Safety warning after Stagecoach cut peak-time buses stopping outside Peterborough City Hospital

Queues to get out of the city hospital EMN-150428-184809009
Queues to get out of the city hospital EMN-150428-184809009

Fears for the safety of elderly and frail people have been voiced after Stagecoach warned that rush hour bus services will no longer stop right outside Peterborough City Hospital.

It means a total of 47 Citi 2, 3 and 4 buses will not stop by the hospital front doors between 7.30am and 9am and 4.30pm and 6pm from Monday (May 4).

Instead, the buses will stop at the hospital entrance which is a few minutes’ walk away.

Transport operator Stagecoach has blamed the decision on delays to services caused by health staff entering and leaving the hospital car parks.

Campaigners say the hospital was only moved from Thorpe Road to Bretton in 2010 on the back of promises of good public transport links.

Rita Young, chair of the Peterborough Pensioners Society, said: “The proposals from Stagecoach which limit easy access to the front of the hospital is a further cut to the service.

“Dropping off at car parks furthest away from the doors becomes not only a hazard, but it presents difficulties to the sick, disabled and people with limited walking ability.”

Local campaigner and National Pensioners Convention member Mary Cook said: “It’s a very busy road and a dangerous environment with so many cars. Public transport is insufficient. Not everyone can afford taxis.

“They moved the hospital out of the city centre with the idea there would be sufficient transport but this is not going to do it.

“What are people going to do when their appointments are early?”

Angela Burrows, chief operating officer at patient group Healthwatch Peterborough, did not feel the changes would be a huge problem. She added: “I walked the walk and there’s a footpath the entire way.

“It would add at least five minutes to a normal walking pace but for someone poorly it would add 15 minutes.

“We’ve had one patient in touch and the feedback was that it would be a bit of a nightmare with a wheelchair.

“We will monitor the situation and if there is an unnecessary impact on patients we will ask Stagecoach to review the service.”

Healthwatch are hoping for people to get in touch on 03451 20 20 64, via email on: www.healthwatchpeterborough.co.uk or through social media.

Daily hospital visitor Sheila Hibbert (80) said: “This will be inconvenient and could feel like a mile depending on people’s ages and mobility.”

Chris Smither (36) from Orton Malborne, said: “It’s not a good idea. If you’re visiting the hospital you can’t walk that far.”

Kim Sanders (32) from Bretton, said: “It will be better if the buses do not come. They get stuck in work traffic.”

Ian Crich, director of workforce and organisational development for Peterborough and Stamford Hospitals NHS Foundation Trust, said: “We are disappointed that Stagecoach has taken this decision and are concerned about the impact that this could potentially have on our patients and visitors.

“Whilst the distance from the drop-off point at the entrance of the site to the main entrance of the hospital may not be excessive, it will have a disproportionate effect on the elderly, those less mobile and those with disabilities.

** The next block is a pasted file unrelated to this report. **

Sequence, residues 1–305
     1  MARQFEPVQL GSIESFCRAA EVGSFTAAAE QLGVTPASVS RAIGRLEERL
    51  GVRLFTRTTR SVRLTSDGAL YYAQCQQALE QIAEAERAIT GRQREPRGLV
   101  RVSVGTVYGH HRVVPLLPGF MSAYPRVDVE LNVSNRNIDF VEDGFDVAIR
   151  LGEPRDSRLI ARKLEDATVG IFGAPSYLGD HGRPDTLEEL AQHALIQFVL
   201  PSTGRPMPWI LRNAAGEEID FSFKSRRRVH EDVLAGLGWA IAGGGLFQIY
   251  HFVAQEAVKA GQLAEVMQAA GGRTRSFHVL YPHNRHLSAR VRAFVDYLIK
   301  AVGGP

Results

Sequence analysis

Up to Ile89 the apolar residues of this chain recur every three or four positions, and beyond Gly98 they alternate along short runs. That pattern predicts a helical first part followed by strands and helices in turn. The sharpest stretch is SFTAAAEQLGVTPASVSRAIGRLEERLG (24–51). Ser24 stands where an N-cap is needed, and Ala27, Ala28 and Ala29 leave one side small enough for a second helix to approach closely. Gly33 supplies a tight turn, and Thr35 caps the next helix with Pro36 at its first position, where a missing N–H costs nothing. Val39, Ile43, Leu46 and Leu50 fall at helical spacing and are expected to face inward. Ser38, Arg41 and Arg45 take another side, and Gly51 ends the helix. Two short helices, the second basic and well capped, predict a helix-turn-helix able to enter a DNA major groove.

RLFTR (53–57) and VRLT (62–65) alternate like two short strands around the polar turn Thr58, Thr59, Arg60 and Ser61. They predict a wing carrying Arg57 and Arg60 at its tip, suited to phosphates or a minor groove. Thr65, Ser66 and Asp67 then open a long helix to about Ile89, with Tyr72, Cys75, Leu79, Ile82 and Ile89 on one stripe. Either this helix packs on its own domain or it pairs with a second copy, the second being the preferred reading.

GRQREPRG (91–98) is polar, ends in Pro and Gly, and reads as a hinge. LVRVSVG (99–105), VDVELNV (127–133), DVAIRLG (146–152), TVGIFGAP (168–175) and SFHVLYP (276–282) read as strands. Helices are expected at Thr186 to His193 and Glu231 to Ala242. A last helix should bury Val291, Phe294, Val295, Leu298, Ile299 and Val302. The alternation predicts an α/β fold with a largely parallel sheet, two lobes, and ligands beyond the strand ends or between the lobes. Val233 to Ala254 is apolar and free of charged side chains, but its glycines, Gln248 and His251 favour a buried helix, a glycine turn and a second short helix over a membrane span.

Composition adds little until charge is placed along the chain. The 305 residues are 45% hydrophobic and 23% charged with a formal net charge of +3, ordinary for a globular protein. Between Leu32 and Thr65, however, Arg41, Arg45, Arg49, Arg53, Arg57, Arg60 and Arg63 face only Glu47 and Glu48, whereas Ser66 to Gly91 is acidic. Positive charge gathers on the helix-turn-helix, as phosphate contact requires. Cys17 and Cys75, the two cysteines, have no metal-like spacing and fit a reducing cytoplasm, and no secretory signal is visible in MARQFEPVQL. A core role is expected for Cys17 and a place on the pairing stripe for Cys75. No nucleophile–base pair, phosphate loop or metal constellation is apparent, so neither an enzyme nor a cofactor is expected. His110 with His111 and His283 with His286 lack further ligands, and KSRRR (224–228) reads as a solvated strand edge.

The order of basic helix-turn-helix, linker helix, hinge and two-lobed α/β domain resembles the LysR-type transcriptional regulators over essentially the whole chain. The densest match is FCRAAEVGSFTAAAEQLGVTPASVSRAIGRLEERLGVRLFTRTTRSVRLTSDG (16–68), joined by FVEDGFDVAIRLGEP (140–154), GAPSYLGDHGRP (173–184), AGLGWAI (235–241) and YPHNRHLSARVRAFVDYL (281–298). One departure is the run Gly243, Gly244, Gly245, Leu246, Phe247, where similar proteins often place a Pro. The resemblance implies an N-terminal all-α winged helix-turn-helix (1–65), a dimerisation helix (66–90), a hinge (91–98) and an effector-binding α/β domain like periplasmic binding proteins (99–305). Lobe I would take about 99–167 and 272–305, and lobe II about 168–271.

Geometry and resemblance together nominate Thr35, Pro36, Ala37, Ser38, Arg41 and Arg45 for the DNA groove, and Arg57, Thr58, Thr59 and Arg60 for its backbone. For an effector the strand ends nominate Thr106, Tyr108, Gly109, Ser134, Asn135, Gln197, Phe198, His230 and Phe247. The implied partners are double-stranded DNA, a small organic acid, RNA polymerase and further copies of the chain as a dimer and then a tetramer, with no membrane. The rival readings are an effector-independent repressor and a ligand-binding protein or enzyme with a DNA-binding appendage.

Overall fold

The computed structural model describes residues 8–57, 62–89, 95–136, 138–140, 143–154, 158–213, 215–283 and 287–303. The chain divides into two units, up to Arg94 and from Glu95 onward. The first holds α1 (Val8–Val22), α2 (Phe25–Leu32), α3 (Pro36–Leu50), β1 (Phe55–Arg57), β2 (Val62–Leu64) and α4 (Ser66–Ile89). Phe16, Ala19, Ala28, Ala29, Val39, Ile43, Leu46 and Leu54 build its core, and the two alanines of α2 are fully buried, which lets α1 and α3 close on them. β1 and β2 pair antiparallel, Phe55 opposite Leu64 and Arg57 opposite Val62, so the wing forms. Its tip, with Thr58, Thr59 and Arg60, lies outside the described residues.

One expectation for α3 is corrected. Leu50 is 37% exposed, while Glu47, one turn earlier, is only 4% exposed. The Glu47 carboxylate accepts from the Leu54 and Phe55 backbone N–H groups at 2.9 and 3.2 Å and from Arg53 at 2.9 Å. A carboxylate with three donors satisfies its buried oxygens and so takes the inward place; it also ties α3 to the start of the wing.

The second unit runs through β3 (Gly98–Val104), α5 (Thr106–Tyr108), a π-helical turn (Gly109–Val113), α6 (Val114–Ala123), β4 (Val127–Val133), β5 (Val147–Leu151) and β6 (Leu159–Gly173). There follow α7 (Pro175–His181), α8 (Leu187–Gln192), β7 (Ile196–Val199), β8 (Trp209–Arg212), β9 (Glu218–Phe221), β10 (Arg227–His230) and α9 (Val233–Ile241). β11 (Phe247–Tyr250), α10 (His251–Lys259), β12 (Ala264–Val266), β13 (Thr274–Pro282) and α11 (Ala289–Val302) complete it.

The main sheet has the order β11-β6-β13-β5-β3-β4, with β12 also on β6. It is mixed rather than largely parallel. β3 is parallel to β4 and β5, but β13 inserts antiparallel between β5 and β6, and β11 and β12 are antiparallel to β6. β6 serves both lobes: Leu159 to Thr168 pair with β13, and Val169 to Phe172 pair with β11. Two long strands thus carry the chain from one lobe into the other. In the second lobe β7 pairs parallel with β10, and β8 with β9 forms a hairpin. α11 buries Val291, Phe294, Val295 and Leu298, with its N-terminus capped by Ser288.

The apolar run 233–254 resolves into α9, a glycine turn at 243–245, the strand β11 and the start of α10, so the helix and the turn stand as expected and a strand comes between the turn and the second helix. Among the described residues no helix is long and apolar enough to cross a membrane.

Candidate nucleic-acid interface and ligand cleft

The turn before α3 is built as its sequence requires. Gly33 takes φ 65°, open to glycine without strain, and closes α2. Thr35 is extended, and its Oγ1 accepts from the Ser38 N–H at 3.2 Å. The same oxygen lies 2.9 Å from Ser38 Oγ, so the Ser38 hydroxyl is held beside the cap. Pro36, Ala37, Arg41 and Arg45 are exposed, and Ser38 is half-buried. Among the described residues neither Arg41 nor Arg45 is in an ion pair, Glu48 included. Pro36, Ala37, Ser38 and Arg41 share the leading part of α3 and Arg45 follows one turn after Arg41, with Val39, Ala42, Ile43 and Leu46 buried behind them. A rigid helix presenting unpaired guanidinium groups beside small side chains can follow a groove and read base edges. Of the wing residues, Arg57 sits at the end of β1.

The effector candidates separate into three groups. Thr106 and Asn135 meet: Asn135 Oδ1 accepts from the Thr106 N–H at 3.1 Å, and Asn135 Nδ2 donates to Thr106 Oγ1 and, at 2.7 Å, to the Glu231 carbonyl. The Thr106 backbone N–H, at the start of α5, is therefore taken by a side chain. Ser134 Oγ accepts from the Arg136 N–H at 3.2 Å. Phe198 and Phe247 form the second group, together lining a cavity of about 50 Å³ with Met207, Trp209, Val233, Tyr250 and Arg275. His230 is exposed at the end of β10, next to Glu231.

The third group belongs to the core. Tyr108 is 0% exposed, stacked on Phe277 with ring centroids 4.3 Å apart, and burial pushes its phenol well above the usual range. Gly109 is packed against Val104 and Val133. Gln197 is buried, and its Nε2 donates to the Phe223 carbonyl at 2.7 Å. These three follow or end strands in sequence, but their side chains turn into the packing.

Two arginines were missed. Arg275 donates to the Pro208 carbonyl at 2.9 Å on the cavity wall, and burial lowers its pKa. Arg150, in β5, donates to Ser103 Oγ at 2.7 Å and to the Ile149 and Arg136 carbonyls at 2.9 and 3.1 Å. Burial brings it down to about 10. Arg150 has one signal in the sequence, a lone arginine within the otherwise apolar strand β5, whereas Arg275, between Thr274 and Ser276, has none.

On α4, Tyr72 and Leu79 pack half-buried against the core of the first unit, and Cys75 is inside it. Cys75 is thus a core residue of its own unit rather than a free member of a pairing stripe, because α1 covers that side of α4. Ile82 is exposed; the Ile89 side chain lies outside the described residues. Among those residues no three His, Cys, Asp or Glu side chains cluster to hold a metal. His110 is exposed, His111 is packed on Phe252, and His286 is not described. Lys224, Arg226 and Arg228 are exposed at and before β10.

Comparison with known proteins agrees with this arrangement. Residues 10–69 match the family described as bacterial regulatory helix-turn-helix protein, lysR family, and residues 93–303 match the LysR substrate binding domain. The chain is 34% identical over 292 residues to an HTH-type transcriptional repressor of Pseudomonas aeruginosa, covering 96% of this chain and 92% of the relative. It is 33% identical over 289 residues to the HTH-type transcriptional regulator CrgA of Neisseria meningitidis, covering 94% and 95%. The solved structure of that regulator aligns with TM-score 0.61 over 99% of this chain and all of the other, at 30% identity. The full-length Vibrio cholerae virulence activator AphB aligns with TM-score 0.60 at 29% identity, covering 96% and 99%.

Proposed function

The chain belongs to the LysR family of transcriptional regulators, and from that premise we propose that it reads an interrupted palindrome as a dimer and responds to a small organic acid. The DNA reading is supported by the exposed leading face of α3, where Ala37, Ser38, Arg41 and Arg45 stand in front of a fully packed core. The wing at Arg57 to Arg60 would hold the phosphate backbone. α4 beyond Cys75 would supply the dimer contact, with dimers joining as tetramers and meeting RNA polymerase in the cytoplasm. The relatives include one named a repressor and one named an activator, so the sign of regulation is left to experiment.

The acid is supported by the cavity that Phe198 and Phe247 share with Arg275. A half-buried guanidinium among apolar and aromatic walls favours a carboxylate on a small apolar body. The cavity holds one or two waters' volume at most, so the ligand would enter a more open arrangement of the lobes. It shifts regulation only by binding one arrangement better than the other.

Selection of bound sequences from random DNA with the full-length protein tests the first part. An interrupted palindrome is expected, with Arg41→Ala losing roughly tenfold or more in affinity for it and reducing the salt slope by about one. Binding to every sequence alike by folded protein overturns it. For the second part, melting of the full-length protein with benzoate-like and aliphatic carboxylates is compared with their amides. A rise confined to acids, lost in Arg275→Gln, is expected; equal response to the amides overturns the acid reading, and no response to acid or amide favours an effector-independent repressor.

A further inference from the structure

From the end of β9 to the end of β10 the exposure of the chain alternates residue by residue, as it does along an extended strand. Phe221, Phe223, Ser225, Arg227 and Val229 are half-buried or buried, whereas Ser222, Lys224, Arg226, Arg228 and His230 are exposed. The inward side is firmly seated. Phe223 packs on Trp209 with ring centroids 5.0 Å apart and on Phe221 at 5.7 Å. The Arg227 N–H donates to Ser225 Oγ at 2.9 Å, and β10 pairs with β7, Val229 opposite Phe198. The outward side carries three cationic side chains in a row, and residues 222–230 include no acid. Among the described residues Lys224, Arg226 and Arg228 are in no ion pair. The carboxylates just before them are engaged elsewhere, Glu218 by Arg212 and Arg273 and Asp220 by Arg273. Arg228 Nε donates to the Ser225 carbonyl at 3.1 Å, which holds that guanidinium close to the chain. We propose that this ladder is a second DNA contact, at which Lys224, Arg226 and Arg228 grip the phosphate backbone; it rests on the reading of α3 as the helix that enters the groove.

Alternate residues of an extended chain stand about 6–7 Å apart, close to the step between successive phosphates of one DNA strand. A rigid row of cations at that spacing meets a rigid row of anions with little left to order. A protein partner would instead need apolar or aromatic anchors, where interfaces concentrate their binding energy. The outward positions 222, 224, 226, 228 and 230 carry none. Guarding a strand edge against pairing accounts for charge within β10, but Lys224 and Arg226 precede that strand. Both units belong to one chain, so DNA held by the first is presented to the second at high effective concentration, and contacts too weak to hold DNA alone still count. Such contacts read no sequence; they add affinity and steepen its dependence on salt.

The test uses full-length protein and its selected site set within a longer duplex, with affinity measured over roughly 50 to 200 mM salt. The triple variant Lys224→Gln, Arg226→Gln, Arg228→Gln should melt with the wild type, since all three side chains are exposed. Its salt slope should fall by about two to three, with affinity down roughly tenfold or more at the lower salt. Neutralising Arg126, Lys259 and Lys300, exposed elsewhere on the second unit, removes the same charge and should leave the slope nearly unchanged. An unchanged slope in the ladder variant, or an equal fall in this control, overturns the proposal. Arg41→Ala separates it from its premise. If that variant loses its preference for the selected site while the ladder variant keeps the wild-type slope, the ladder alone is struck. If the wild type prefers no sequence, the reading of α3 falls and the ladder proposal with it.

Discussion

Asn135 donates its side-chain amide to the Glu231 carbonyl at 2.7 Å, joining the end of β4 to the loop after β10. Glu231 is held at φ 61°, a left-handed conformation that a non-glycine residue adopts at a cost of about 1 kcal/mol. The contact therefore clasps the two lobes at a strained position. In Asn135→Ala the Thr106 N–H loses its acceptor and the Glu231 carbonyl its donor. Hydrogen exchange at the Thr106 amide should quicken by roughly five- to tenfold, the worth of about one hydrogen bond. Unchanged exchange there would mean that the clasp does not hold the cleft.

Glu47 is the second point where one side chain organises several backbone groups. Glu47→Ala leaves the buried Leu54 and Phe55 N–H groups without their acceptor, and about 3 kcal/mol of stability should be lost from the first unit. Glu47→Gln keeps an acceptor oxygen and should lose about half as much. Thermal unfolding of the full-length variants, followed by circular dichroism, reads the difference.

“There are undoubtedly occasions when access to the site in peak times can become difficult due to staff, patients and visitors all arriving and leaving at similar times.

“Certainly it is an extremely rare occurrence for this to happen as early as 7.30am in the morning which is the time the bus company has indicated it will no longer enter the site.

“We were informed of the changes by the city council two weeks’ ago and understand that this will affect 47 buses per day.

“Going forward we are keen to ensure that we have discussions with Stagecoach and the city council to try and reach a compromise and ensure that a much needed service will continue to be provided at peak times for our

patients and visitors.

“We do not expect this will necessarily deter people from attending the hospital who need care, but it will certainly not improve the experience of those doing so.”

A Trust spokeswoman added: “The location of the city hospital site makes it easy to access via all forms of transport.

“The site is a key point on three major bus routes and we are satisfied that the number of buses that visit the site per day meets the needs of public transport users at present.

“It is easy for motorists to access due to its close proximity to the A47 junction at Bretton Gate.

“In addition, our staff, patients and visitors can use the good cycle and pedestrian routes which link to the site and which avoids the need for people travelling by bicycle and on foot to negotiate any major roads.”

Andy Campbell, Stagecoah East managing director, said: “Regrettably we have no choice but to only serve the bus stop at the entrance to the hospital grounds at peak times.

“The excessive delays caused by staff entering and exiting car parks can often lead to delays of 20 minutes.

“However, we will serve the hospital entrance during the day between peak hours when the majority of appointments are taking place.”

Asked why the change to the service was happening now, Mr Campbell added: “Initially we tried to work with the hospital to find an alternative.

“As staff parking has increased, so have the delays going around the hospital complex.

“The entire service was being affected so we have been forced to make the changes to ensure greater reliability for our customers.”